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12 - Building a Motet around Quoted Material: Textual and Musical Structure in Motets Based on Monophonic Songs

Published online by Cambridge University Press:  21 October 2020

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Summary

IN THE THIRTEENTH CENTURY, polyphonic motets and monophonic songs were connected in a number of different ways, many of which are explored by Gaël Saint-Cricq in the previous chapter of this Companion. This chapter focuses on three concrete examples of one particular type of interaction: when a motet voice has been created by quoting the entire first stanza of a monophonic song. Each of these motets demonstrates a different manner in which a motet can fashion itself around the characteristics of a quoted song. In presenting a variety of approaches to building a motet around a song, I not only catalogue different modes of song-motet interaction, but also provide a foundation from which to consider the workings of quotation within the thirteenth-century motet.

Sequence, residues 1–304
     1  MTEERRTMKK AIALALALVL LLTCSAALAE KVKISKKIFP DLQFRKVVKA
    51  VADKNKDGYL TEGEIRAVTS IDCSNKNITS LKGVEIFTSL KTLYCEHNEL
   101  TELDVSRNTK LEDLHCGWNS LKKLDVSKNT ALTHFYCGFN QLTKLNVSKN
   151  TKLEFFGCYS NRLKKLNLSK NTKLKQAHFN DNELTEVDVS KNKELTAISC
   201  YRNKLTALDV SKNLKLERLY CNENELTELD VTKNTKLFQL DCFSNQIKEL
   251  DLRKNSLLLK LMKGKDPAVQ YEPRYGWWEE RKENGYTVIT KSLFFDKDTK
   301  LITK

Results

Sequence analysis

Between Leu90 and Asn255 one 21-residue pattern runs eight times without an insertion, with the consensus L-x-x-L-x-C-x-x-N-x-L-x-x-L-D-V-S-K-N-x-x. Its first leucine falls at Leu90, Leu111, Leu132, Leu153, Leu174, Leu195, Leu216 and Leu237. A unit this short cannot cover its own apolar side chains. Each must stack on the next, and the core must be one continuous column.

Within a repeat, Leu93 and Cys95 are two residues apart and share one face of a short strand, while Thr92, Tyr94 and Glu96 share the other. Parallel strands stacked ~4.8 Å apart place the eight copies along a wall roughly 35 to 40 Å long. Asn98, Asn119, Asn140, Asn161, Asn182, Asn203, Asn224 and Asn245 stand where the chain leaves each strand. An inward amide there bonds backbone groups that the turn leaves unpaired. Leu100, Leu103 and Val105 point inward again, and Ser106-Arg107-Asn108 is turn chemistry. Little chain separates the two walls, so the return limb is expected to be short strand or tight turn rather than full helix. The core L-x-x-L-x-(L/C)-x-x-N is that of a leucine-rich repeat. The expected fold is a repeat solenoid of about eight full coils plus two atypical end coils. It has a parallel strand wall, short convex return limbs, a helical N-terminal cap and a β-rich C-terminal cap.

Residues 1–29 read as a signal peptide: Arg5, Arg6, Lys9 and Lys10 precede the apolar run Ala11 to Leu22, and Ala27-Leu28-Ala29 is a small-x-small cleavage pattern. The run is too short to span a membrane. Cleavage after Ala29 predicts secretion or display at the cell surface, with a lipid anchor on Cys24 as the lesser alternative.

In approaching song and motet interaction, it can often be profitable to examine the chronological relationships between motets and songs that borrow significant musical and/or textual material from each other. If, for example, a particular motet can be shown to have quoted from a song, the specifics of this intergeneric borrowing can be examined in much more detail than if that relationship remained unestablished. The three examples addressed in this chapter are part of a corpus of twenty-one motets that include an entire voice part that is also found as the first stanza of a monophonic song.1 The networks of songs and motets in this corpus exhibit different chronologies. In all three cases examined in this chapter, it seems most likely that an earlier monophonic song was quoted in a later motet, moving it from a monophonic to a polyphonic context. In total, this seems the most probable chronology for twelve of the twenty-one cases. In five cases, the reverse seems to have happened: a motet voice was changed into a monophonic song by stripping it of its polyphonic context and adding further stanzas. In the remaining four cases, the extant evidence does not allow for a conclusion to be drawn.

Looking at the interaction between song and motet from the vantage point of the chronology of specific motets and songs is complemented by the more general category of stylistic influence.

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Publisher: Boydell & Brewer
Print publication year: 2018

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